Every day seems to bring more and more tasks that need to get done right away. Schedules are filling up faster than ever, meetings get double booked, and no one feels they can set aside time to keep up with the evolving IT industry, much less take on the challenge of learning something new. While IT Transformation is not a new market trend, its effecg is now widely acknowledged and supported by significant industry analysts.
Certainly, nearly all the vendors in the IT Industry have created IT Transformation materials and whatever the outcome of a particular vendor’s strategic vision, the starting point for that strategy begins with that vendor’s portfolio. The Avnet EMC Supplier Business Executive (SBE) team has developed a program for Partners to adopt that leads to the Digital Business. The Digital Business is an organization with a vision for how information is going to change their markets, their operations, and how their employees work to enable a more efficient business that is increasingly dedicated to the customer experience.
I think we can all agree that becoming a Digital Business is what client organizations are striving for. But, where do you start? The Avnet EMC SBE team is tasked with realizing the current and future business goals of a wide variety of partners, not just ones who sell and service one part of the EMC portfolio. As a team, they developed a unique proposition for the partner community. Namely, that the starting point on this path, from where the partners and clients are now (on their way to the Digital Business,) is with virtualization.
Virtualization has enabled IT teams to “reduce server incidents by 27 percent, system downtime by 26 percent and app-to-market time by 22 percent”.1 The popularity of virtualization is so great that Gartner predicted in 2014 that by 2016 85% of all systems would be virtualized.1
We often think that virtualization is so prevalent that there cannot possibly be any challenges left. The reality is that virtualization has been so popular, and has provided so much value to clients, that its success has led to unforeseen challenges.
These observations were made in 2014 and remain true today. But, the pressures on IT organizations from 2014 are still with us, including not only budget restrictions, hiring limits, and education cuts, but the fact that IT is simultaneously managing more infrastructure, more information, and more business requirements than ever.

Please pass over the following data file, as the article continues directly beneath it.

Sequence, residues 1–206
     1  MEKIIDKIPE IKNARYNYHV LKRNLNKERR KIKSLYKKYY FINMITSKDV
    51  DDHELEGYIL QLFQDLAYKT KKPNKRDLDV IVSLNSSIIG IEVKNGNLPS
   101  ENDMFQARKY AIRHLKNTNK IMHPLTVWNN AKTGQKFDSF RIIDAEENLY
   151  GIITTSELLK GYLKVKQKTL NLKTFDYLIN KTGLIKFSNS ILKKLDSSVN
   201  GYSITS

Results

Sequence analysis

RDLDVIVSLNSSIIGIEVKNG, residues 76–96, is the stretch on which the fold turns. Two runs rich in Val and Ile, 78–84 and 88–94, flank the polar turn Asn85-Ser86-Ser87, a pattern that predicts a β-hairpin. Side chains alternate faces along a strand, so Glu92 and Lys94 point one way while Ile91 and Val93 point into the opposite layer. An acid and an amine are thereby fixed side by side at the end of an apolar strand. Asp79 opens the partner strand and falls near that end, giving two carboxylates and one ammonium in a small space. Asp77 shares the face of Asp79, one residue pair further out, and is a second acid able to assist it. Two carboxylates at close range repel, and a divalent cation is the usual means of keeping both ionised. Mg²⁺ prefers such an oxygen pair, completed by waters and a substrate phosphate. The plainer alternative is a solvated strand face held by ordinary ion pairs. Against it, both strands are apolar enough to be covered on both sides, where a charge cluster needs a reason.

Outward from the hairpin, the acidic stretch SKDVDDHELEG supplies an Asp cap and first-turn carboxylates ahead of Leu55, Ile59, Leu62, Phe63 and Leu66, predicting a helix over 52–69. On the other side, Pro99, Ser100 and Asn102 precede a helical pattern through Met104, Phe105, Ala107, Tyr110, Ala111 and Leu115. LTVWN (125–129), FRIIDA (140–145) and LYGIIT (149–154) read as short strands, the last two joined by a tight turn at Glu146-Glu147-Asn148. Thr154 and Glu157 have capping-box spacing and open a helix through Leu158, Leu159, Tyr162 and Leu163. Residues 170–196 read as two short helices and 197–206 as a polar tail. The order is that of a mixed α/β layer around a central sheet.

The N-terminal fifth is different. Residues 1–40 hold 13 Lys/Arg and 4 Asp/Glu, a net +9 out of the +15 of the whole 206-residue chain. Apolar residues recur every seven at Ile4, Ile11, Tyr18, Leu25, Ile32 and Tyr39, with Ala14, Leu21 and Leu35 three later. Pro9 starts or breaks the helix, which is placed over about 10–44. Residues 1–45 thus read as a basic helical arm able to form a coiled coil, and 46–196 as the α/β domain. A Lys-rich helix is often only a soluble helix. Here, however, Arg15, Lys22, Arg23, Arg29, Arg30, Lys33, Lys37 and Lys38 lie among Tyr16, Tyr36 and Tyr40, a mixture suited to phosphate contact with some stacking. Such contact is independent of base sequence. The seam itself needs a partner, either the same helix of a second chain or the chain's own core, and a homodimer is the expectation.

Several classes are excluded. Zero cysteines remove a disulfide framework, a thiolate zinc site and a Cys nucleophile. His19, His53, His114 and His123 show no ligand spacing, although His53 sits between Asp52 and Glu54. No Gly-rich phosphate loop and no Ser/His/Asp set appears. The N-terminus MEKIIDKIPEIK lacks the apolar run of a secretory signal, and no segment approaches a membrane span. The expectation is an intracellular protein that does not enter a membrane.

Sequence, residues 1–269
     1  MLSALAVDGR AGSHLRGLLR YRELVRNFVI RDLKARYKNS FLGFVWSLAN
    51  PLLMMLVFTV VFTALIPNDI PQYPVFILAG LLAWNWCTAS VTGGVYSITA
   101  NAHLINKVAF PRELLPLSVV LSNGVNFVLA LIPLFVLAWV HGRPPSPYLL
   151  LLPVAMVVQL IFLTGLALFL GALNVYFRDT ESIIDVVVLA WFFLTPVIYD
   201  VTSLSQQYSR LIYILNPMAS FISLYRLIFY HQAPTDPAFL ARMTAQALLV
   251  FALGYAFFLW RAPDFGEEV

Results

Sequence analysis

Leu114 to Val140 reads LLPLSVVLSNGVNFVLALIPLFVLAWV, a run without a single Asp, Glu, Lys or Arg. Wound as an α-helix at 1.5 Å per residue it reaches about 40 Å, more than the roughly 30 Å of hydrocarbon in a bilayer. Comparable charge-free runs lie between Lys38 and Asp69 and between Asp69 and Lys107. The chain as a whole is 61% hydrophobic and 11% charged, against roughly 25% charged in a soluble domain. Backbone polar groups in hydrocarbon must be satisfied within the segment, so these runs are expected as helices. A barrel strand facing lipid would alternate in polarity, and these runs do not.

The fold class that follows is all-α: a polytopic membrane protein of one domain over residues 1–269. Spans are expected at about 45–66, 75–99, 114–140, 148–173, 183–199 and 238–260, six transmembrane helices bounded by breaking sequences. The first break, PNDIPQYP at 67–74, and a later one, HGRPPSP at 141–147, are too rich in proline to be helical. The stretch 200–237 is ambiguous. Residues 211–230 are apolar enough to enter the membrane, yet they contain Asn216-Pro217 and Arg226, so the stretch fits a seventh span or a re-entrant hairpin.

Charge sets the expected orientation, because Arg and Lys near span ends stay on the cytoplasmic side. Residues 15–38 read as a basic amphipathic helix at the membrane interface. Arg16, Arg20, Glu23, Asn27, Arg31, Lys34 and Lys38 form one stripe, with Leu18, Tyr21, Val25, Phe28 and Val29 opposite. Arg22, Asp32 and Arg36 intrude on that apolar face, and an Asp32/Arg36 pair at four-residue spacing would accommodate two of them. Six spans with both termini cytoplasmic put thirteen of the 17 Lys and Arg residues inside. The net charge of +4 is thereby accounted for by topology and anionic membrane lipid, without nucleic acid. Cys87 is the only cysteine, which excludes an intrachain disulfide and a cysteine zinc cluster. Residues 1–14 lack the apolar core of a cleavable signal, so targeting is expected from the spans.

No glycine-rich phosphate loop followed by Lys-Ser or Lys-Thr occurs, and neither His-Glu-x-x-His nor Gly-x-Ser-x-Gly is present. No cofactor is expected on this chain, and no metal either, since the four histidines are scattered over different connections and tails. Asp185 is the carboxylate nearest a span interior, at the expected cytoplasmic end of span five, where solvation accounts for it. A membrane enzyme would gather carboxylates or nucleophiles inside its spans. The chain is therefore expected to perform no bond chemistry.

More infrastructure, more information, and more business requirements translate to having to do more with less, more and more often; to the point where the capabilities of virtualization solutions need to be expanded and extended to keep the friction of change from swamping IT’s capacity to respond.
Many questions must be considered. Which clients do we focus on? Which elements of the virtualization stack do we develop to address that client base? How do we keep as much of what we know that works, and change what we can to enable more clients to provide more business, operational, and technical solutions faster? And, while doing that, how do we keep costs under control and not just build up another set of technology-centric silos? The answers to these questions vary by vertical market, by client business strategy, and by the client’s perception of where its IT organization sits along the continuum from that of a cost center to that of a value center.
We know that clients want to move to a frictionless information infrastructure and we know they want to move there as fast as possible. That is, clients want to become a Digital Business in as short a time as possible. To start off, and to insure the foundation of the SBE program is on the surest of footing, the SBE team conducted a Partner Survey on the current capabilities and investment plans our Partners have with their virtualization practices.
This survey gets us to an understanding of the capabilities and competencies of the overall Partner community, and what the particular virtualization skills of a specific partner are. While virtualization has been widely adopted over many years, the challenges from 2014 (listed below) are not much changed1:
- Physical resource constraints
- Capacity management of networked assets
- The sprawl of virtualized systems
- Backing up a virtualized data center effectively
- Expanding numbers of virtualized hosts creating security challenges
- Backward compatibility of software and hardware components
- Performance of the ‘virtualization stack’
- Licensing and warranty costs
The pressures on IT organizations from 2014 are with us today, including not only budget restrictions, hiring limits, and education cuts, but the fact that IT is simultaneously managing more infrastructure, more information, and more business requirements now than ever.